There is nothing more rewarding as a professor than to watch a group of students first struggle with a concept, only to have a breakthrough and help each other in their understanding. Mathematics is learned incrementally and through many hours of hard work. It is also a social activity, and as the Beatles say “We get by with a little help from our friends.”
The Nowakowski Method
What about large lectures, you ask? Or a method more suitable for elementary undergraduate courses with students fresh to advanced mathematics?
My co-author Richard Nowakowski from Dalhousie University shared with me years ago his method for teaching large lectures, which is especially useful for first year courses such as Calculus or Linear Algebra. In such courses, usually there is far less emphasis on proofs, and more focus on applications of theory and problem solving. The method is simple and I have found it incredibly effective.
Here is how it works.
- The instructor states definitions and notation.
- The instructor states the relevant theorems, algorithms or other theoretical pieces they want to communicate.
- The class breaks for five to ten minutes.
- The instructor completes examples for the remainder of the class.
The idea is that you get the theory out-of-the-way fast, which is the backbone of what you want them to learn but more viewed as tools. I would often have slides ready for that theory part, and post those on-line after class.
The break could come as soon as ten or twenty minutes into the lecture. One lecture I finished the theory in five minutes and the class laughed and loved it! The real work comes in the second part. I always, repeat ALWAYS write out my examples real-time, either on the white/blackboard, or on a document camera. I start with a simple example that illustrates the ideas from the theory. Then I ramp up the complexity. By the end, we are tackling tougher problems that challenge most of the class (these are the minority of the problems, but it is important to challenge the best students so they are not bored). The solutions I write out are not posted on-line to keep attendance up.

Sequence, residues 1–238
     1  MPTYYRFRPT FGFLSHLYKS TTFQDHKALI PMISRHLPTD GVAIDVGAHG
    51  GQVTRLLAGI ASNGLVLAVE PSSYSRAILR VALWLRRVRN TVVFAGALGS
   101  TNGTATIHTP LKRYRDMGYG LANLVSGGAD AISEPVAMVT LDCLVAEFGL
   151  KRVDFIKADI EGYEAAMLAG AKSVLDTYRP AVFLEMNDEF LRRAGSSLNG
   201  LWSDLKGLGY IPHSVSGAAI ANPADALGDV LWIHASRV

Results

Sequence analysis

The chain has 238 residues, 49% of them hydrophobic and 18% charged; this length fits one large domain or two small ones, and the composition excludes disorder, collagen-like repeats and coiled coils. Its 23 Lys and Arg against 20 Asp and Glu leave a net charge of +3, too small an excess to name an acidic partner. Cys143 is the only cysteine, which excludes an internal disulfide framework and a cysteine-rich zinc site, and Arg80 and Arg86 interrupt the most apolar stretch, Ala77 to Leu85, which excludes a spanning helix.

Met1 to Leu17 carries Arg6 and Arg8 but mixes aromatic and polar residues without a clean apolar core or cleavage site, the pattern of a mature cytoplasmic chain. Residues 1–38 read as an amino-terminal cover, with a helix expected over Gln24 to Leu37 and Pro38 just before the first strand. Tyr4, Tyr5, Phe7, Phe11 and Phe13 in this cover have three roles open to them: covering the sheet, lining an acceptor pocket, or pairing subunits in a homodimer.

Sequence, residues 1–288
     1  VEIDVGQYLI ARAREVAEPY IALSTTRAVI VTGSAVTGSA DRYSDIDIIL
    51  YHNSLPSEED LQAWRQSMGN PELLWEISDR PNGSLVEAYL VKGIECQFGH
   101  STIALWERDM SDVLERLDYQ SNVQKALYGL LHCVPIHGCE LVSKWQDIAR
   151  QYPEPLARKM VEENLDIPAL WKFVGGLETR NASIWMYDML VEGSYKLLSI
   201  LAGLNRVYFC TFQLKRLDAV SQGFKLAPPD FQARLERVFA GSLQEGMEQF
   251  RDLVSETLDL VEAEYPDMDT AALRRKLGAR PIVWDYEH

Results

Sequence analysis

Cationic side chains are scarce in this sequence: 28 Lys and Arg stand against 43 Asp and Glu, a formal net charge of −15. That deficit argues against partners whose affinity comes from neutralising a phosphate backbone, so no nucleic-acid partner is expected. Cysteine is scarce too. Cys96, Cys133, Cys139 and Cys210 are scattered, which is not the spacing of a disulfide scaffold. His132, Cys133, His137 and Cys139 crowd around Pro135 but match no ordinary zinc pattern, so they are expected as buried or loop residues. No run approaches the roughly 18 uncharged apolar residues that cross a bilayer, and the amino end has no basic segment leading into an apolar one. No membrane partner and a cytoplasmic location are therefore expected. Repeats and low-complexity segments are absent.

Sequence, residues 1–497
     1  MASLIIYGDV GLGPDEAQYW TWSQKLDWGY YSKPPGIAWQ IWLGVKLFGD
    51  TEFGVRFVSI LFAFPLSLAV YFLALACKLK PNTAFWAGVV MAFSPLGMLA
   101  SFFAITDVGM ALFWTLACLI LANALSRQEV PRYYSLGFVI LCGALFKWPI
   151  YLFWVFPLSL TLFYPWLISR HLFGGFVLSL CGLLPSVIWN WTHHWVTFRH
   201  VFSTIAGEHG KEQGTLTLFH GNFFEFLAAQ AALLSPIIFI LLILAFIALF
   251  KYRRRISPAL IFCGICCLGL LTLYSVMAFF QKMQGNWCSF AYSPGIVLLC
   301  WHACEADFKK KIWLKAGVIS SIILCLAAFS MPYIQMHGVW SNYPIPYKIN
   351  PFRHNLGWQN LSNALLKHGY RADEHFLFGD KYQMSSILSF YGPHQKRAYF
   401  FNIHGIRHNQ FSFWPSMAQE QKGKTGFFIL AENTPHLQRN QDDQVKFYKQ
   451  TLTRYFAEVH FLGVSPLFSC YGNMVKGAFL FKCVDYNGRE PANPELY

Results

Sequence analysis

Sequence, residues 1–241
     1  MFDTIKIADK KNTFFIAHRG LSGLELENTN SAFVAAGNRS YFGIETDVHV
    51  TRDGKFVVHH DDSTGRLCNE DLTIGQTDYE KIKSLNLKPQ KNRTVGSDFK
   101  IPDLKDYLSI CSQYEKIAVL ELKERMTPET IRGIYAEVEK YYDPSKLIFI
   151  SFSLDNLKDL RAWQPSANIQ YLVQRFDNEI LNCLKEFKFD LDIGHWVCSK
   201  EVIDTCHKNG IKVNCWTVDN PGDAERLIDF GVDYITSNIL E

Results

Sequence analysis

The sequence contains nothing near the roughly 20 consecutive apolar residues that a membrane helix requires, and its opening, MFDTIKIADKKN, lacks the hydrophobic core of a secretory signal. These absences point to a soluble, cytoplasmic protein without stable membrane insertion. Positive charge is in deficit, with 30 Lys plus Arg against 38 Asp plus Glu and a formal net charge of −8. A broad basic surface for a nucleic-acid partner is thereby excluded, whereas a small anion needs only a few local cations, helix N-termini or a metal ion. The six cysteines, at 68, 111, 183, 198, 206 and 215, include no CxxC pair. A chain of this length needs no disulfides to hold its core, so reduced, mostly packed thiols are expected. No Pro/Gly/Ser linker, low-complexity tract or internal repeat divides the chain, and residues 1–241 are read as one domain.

The main thing students learn from with this method is watching you mess up. They love it when I make mistakes. Forget a negative sign? Do an improper cancellation? Twenty hands go up! Students are engaged and that is so important.
I try to structure exams and tests so that they contain the examples I did in lecture. So there is an element of karma here: attend lectures and watch an expert solve questions from the the upcoming exam. Skip lectures (which is a real problem in first year courses) and you risk missing the solutions to problems that can get you a great mark on a test.
Incidentally, I was nominated for a provincial-level teaching award offered by TVO when I used the Nowakowski method to teach Calculus to Engineers years ago. I am eager to try this method again if I ever teach a large lecture and maybe I would even win the award this time.
Please let me know your teaching methods. I am eager to try new things with my mathematics lectures.